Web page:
The fuel rack adjustment is done at the factory for a specific engine application. The governor housing and turbocharger are sealed to prevent changes in the adjustment of the rack and the high idle speed setting.

Cylinder Heads, Valves And Camshafts

Cylinder Heads and Valves

This is a four stroke cycle engine; i.e., four separate piston strokes are required to complete the firing of one cylinder.

There are four in-head valves for each cylinder; two intake valves and two exhaust valves.

The in-head valves are perpendicular to the bottom face of the cylinder head. The exhaust valves and ports are located toward the outside of the engine. The intake valves are on the inside, toward the vee.

A primary feature of the cylinder head is parallel porting. This provides individual porting for each of the two exhaust valves and the two intake valves. This permits unrestricted flow of air and exhaust gasses; resulting in maximum breathing capability and efficiency.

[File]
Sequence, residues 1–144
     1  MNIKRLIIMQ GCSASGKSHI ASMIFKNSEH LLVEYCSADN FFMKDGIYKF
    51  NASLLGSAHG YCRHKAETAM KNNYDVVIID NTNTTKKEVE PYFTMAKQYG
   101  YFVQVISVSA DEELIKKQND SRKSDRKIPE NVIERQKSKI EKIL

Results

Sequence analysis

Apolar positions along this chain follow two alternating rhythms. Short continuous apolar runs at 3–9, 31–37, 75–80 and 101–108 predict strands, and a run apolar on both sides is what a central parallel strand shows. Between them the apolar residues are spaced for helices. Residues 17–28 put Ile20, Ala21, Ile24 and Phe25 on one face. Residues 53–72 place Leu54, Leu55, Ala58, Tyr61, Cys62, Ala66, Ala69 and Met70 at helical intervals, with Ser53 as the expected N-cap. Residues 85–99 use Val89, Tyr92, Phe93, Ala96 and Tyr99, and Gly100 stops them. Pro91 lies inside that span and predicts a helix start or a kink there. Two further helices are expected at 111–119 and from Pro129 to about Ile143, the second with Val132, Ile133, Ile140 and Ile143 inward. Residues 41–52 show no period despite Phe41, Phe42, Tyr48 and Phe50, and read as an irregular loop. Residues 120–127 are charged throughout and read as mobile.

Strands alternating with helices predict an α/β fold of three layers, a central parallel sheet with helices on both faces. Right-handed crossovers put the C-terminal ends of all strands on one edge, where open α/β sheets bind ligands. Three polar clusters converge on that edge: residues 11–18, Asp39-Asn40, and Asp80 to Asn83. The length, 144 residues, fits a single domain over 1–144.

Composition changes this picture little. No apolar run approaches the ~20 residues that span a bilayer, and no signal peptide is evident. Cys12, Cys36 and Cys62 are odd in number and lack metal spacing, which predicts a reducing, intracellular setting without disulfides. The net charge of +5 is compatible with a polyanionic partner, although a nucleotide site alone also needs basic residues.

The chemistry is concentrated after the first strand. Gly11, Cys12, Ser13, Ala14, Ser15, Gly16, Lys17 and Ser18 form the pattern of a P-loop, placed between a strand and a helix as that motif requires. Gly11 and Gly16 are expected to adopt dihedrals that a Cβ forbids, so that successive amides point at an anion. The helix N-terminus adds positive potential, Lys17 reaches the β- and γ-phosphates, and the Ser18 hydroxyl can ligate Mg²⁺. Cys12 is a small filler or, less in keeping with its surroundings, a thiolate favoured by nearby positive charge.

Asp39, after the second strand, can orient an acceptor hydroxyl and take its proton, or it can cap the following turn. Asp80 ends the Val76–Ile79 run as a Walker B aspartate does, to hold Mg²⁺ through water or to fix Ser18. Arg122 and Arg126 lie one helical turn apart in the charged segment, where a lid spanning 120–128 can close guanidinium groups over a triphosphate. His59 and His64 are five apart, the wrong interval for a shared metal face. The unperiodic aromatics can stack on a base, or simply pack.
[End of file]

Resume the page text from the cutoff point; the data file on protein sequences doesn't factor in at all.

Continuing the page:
Valves, valve seats, seating springs and rotators are all part of the cylinder head assembly. The valve seats are pressed into the cylinder head and are replaceable.

Valve rotators add much to valve life. Each valve is rotated approximately three degrees on every lift; thus minimizing pitting of the valve faces and valve seats. The rotation also causes a wiping action to remove carbon deposits from the valve seat.

Rocker Arms

Valve action is accomplished through a roller-rocker arm arrangement. The forked rocker arm (2), located in the camshaft housing, pivots on a shaft (4) at one end and depresses two valves at the other end through adjusting screws. A roller (5), supported by a pin near the center of the rocker arm, rides on the camshaft (1) lobe. Thus, one camshaft lobe actuates the forked rocker arm and opens two valves simultaneously.


ROCKER ARM